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Immunotherapy scores a first win against some breast cancers

This undated fluorescence-colored microscope image made available by the National Institutes of Health in September 2016 shows a culture of human breast cancer cells. For the first time, one of the new immunotherapy drugs has shown promise against breast cancer in a large study that combined it with chemotherapy to treat an aggressive form of the disease. | Ewa Krawczyk/National Cancer Institute via AP

This undated fluorescence-colored microscope image made available by the National Institutes of Health in September 2016 shows a culture of human breast cancer cells. For the first time, one of the new immunotherapy drugs has shown promise against breast cancer in a large study that combined it with chemotherapy to treat an aggressive form of the disease. | Ewa Krawczyk/National Cancer Institute via AP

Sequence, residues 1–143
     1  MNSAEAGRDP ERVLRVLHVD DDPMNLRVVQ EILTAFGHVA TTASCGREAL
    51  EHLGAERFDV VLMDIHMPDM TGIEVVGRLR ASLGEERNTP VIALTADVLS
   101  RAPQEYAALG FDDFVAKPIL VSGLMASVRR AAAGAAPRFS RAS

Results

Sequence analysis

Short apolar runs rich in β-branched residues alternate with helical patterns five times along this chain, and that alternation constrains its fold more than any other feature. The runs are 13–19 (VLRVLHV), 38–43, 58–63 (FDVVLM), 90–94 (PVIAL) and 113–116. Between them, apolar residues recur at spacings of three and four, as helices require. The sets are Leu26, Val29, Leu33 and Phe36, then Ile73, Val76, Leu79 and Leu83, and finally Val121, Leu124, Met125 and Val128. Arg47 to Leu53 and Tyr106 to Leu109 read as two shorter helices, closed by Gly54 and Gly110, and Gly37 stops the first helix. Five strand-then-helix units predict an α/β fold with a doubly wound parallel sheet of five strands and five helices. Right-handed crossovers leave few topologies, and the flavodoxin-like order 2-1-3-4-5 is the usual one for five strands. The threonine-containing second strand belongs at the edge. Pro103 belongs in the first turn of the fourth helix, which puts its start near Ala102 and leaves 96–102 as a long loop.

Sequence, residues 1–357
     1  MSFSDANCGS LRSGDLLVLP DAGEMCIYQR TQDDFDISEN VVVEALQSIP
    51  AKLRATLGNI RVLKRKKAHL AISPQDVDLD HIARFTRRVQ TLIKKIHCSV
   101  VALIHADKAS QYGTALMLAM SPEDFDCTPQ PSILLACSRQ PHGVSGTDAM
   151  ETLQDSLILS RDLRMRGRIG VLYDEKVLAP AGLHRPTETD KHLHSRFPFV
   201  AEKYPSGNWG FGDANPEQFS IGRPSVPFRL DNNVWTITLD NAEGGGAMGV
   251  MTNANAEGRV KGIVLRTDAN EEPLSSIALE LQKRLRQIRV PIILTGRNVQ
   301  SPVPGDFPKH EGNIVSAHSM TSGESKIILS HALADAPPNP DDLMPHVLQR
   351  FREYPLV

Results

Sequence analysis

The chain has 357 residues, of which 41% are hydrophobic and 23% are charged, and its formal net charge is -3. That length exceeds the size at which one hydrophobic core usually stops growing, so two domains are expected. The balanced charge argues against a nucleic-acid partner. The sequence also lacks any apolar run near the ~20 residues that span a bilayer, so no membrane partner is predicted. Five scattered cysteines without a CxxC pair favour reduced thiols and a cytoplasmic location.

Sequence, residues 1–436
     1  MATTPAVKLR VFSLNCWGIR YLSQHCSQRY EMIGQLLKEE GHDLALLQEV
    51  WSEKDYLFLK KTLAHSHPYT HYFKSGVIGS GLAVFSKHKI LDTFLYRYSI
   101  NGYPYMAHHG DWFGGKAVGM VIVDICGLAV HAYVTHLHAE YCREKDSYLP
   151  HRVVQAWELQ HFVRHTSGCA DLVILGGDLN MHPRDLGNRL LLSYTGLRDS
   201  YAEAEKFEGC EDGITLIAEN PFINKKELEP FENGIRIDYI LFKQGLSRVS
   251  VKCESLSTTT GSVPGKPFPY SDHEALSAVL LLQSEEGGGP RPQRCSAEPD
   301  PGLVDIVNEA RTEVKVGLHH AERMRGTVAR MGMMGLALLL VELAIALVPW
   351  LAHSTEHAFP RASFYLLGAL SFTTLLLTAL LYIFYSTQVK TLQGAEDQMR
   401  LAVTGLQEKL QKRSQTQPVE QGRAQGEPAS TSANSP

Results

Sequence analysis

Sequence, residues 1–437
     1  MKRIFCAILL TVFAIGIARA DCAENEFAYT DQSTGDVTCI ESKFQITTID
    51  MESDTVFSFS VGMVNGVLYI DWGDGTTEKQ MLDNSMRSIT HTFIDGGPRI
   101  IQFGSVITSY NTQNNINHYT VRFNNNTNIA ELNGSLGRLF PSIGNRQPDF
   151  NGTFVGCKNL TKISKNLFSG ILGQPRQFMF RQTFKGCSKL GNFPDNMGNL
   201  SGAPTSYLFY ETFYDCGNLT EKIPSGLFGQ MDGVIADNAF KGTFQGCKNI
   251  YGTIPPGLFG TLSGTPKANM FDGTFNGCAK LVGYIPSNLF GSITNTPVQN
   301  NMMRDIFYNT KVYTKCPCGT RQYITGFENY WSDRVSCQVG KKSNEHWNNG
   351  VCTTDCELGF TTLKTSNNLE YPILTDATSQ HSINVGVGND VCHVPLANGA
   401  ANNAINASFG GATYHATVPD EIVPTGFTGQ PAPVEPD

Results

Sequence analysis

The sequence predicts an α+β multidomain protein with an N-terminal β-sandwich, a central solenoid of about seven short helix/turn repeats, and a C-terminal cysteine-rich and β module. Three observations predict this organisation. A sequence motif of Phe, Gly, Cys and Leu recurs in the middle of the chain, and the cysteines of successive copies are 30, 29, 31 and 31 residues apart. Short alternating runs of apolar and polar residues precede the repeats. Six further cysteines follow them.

For the first time, one of the new immunotherapy drugs has shown promise against breast cancer in a large study that combined it with chemotherapy to treat an aggressive form of the disease. But the benefit for most women was small, raising questions about whether the treatment is worth its high cost and side effects.

Drugs that activate the immune system have transformed cancer care. The new study tested one called Tecentriq (tay-SEN-trik) for cancers not fueled by hormones or a common gene mutation. Women given the drug plus chemo went about two months longer before their cancer worsened compared to others given just the chemo.

Results were discussed Saturday at a cancer conference in Munich and published by the New England Journal of Medicine.